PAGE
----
Thirteen angiosomes were defined in the head and neck region. These derive their supply from branches of the external carotid, internal carotid, and subclavian arteries, and their three-dimensional territories encompass skin, deep soft tissue, and bone. Only three of these angiosomes were noted to have no cutaneous involvement, containing only deep tissues. They were supplied by the ascending pharyngeal artery, the lingual artery, and the vertebral artery (7).
Clinical Relevance of the Ascending Pharyngeal Artery
The ascending pharyngeal artery plays an important role in the healing process of Le Fort I osteotomies, because it supplies the attached posterior palatal soft-tissue pedicle. Le Fort osteotomies, as well as the fractures themselves, disrupt the pterygomaxillary junction by interrupting the descending palatine branches of the internal maxillary artery. Although an abundant mucosal alveolar anastomotic network in the maxilla remains, and the ascending palatine branch of the facial artery may be uninterrupted, much of the healing process is achieved by means of the ascending pharyngeal artery (9). In the same fashion, the ascending pharyngeal artery is directly involved in the closure of cleft palates (10).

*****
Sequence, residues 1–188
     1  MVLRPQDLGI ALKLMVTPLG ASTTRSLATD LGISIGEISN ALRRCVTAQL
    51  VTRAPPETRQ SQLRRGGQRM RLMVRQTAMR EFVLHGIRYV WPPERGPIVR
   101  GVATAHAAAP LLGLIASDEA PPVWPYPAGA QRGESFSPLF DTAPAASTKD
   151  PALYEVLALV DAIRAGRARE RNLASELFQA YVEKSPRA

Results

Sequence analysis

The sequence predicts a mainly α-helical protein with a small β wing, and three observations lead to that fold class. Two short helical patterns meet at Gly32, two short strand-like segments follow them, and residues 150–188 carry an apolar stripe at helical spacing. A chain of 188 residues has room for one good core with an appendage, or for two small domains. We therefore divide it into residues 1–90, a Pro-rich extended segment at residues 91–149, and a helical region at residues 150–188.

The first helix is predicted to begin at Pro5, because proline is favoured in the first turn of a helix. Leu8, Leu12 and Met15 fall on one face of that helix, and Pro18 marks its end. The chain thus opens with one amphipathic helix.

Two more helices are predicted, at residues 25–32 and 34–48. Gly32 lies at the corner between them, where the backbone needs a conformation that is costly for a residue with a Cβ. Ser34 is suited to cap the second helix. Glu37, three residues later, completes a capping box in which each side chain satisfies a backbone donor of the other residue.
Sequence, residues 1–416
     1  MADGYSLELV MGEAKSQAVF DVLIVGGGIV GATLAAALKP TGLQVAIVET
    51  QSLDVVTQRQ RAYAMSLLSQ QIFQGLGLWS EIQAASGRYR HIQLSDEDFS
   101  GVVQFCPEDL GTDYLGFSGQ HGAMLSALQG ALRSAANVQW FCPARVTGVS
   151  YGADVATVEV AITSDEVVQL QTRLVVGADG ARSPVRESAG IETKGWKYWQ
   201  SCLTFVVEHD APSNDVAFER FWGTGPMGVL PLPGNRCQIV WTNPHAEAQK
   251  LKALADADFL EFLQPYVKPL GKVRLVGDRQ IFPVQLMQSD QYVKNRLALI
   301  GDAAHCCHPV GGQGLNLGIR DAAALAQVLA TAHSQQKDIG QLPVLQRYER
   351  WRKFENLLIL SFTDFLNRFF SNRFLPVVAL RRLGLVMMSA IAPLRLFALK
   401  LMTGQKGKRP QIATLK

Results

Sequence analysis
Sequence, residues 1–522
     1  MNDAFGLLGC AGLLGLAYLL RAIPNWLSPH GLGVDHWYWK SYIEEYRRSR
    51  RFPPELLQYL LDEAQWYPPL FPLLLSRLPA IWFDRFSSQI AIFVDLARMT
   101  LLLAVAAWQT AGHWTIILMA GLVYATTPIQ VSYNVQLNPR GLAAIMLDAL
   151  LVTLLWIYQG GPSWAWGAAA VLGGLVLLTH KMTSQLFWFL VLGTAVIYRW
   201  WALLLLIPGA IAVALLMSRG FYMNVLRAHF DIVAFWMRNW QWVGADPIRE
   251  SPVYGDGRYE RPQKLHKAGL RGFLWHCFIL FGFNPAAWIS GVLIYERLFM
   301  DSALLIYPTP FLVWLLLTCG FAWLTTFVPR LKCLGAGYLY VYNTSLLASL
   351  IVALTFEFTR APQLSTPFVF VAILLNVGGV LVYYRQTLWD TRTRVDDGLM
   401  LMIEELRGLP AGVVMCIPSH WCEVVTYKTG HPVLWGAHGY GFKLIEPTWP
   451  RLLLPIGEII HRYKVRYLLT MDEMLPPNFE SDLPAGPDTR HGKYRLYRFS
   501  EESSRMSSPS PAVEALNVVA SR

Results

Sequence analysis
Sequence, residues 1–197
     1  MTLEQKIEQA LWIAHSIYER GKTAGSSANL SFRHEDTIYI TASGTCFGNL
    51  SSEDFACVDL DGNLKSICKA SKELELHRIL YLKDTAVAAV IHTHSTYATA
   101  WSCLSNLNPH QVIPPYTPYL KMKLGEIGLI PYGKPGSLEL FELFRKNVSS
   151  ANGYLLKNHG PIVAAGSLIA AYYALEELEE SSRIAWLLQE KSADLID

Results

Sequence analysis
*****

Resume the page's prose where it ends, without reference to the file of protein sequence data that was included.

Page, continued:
Embolization plays an increasing role in the management of epistaxis. Most commonly, the distal internal maxillary artery is the target vessel; less commonly, the facial artery serves as the site. Rarely is the ascending pharyngeal artery the only or a major source of severe epistaxis, requiring superselective embolization for successful control (11, 12).
High-Grade Head and Neck Tumors
Intraarterial embolization is proving to be useful for treating recurrent or high-grade head and neck cancers (13). Superselective microcatheter placement in various branches of the external carotid artery system is necessary for effective treatment. Specifically, superselective infusion of the ascending pharyngeal artery is necessary for successful embolization of cancer of the palate (13, 14).
At the skull base, arteriovenous malformations and arteriovenous fistulas are uncommon but pose serious therapeutic challenges. Owing to its central position, the ascending pharyngeal artery can be a major feeder to arteriovenous fistulas (15) or arteriovenous malformations (16, 17).